Safecast is a global project to map radiation data from around the world and release this information openly. When the project just started out, they used modified hardware, together with their own custom software and a few clever tweaks, to allow anyone to participate in the project. This kind of ingenuity, the ability to re-purpose or adapt existing technology by replacing or supplementing its software, should be permitted and encouraged by the law. In the example of Safecast, fortunately nobody prevented them from being innovative.
But all of us depend on the possibility to install or replace programs that we use every day, to increase our security, privacy or convenience -- or just because we happen to like using a different program on our laptop, tablet, phone, router, television, car, or on other devices.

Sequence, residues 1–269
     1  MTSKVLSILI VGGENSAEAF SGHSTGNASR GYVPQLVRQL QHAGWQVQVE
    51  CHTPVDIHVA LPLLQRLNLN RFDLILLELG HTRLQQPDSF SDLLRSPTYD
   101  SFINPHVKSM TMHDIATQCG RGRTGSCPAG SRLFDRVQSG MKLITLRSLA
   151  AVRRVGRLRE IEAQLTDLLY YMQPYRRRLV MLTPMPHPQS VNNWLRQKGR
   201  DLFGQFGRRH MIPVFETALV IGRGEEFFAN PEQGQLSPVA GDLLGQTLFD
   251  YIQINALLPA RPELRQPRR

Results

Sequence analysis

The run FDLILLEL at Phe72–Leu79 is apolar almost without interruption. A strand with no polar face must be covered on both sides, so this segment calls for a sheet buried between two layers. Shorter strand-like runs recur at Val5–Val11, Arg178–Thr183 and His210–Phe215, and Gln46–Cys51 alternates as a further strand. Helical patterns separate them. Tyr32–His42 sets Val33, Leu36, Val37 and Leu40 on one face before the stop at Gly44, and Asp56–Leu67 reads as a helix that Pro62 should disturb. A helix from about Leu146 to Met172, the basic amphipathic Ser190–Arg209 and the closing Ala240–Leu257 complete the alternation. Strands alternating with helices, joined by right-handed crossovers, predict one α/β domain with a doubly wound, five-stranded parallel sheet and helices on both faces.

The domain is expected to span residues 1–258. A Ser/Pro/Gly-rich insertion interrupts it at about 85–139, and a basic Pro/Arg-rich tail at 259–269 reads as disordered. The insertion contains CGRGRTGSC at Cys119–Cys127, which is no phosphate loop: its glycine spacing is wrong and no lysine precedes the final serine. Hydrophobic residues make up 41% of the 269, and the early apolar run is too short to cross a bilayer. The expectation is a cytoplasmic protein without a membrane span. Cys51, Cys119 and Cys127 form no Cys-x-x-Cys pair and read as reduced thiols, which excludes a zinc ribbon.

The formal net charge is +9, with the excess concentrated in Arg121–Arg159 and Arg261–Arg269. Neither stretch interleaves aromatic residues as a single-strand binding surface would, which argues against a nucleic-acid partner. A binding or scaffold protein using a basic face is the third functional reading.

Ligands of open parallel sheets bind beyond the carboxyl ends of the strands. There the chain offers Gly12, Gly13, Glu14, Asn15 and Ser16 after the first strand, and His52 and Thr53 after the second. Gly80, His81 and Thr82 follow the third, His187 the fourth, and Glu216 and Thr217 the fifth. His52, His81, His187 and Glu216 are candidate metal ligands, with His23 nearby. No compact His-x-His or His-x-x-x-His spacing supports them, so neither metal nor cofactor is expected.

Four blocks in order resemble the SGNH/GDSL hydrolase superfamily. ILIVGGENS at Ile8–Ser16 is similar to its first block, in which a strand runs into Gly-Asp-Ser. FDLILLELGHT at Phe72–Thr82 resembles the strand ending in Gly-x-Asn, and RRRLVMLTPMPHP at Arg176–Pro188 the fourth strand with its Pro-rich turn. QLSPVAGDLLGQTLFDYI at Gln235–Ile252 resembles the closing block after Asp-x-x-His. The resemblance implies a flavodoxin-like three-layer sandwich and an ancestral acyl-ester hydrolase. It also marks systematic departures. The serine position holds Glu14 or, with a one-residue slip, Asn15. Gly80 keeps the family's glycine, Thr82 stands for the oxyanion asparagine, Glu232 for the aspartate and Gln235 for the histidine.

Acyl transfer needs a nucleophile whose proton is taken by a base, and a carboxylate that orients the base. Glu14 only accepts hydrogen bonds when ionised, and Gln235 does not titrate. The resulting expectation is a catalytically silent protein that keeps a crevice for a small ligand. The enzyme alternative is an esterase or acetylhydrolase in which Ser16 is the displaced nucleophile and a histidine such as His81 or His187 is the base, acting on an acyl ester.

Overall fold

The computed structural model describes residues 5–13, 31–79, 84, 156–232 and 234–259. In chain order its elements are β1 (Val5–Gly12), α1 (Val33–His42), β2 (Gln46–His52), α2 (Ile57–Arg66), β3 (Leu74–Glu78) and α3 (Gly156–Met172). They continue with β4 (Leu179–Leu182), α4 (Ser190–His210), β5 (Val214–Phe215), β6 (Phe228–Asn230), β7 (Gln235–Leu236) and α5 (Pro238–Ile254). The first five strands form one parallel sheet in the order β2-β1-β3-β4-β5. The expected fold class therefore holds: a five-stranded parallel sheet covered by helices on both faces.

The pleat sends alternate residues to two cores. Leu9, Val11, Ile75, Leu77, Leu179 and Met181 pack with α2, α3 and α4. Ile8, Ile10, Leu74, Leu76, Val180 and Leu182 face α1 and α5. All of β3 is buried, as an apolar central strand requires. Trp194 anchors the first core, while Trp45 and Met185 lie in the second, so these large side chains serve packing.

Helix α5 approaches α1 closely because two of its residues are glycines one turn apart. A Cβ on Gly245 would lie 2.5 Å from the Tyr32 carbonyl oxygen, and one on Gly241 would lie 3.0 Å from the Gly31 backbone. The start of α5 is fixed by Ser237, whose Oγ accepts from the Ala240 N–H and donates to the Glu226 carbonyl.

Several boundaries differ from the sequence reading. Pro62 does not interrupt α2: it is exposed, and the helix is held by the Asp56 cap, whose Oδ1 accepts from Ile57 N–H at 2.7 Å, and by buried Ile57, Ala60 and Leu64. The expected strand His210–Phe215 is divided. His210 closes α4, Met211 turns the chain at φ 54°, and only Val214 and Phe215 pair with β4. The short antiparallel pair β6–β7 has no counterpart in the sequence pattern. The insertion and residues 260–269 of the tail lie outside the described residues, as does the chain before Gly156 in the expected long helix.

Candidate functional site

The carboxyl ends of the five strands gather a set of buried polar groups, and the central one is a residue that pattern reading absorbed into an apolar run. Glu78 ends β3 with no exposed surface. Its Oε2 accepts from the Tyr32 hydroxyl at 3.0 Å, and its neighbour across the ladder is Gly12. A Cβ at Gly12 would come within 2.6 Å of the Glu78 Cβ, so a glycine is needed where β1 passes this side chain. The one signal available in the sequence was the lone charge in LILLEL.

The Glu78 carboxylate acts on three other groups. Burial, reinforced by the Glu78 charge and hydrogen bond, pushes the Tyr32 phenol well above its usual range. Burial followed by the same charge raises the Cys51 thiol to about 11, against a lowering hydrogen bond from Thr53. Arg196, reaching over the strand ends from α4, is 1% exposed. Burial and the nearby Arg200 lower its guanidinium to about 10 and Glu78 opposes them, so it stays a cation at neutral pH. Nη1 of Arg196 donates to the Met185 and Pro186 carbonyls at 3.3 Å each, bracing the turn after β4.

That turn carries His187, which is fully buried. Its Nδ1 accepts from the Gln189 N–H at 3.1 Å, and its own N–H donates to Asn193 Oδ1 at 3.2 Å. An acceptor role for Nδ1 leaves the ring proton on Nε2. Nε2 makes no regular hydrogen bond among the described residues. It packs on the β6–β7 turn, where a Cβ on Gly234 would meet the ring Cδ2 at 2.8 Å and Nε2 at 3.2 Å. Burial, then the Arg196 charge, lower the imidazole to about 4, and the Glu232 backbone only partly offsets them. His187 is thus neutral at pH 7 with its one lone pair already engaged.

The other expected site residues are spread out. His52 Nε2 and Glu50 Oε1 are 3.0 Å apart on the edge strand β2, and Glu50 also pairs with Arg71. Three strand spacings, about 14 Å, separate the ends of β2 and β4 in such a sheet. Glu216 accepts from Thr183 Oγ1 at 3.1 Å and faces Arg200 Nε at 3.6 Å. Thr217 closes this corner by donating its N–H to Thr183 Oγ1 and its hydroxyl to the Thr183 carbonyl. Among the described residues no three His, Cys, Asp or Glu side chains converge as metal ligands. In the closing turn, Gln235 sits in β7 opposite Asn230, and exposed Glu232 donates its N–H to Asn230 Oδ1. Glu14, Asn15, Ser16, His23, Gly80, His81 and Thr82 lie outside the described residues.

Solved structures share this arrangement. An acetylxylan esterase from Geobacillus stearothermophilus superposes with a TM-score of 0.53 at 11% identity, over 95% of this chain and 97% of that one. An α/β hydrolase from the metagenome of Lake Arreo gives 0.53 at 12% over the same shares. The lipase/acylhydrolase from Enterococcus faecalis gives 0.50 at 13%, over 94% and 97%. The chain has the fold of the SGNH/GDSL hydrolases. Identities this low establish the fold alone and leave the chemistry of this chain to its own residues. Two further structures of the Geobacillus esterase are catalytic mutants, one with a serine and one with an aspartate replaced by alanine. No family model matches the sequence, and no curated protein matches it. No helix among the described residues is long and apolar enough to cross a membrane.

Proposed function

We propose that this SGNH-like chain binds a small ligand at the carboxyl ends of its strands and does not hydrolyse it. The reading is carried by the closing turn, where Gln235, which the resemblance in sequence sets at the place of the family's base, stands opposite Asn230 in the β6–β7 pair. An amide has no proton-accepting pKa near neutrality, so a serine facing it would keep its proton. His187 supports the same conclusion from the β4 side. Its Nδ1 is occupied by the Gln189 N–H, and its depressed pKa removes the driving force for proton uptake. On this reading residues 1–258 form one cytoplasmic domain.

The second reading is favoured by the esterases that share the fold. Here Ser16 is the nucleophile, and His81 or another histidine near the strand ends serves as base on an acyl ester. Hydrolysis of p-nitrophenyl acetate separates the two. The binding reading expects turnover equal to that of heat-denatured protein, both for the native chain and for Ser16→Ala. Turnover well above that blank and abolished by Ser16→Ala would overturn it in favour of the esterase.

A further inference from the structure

Today, on the International Day Against DRM, the undersigned organisations are calling on lawmakers to safeguard the right to tinker for everyone. To make sure that the owner of every device is allowed to replace or supplement the software in that device if they so choose, thereby empowering owners to control their own property. Many manufacturers today add technological restrictions that prevent device owners from changing their devices, or having someone do so for them. This can be in breach of the licences on the devices (as with Free Software/Open Source Software licences, which grant the rights to use, study, share, and improve the software for any purpose). It is clear that any right to tinker must also be coupled with a legal provision that prevents technological restrictions of the same right.
To successfully guarantee that device owners are in control of their own technology, the following organisations ask that the right to tinker be guaranteed for everyone, and that technological restrictions that interfere with this right be limited by law.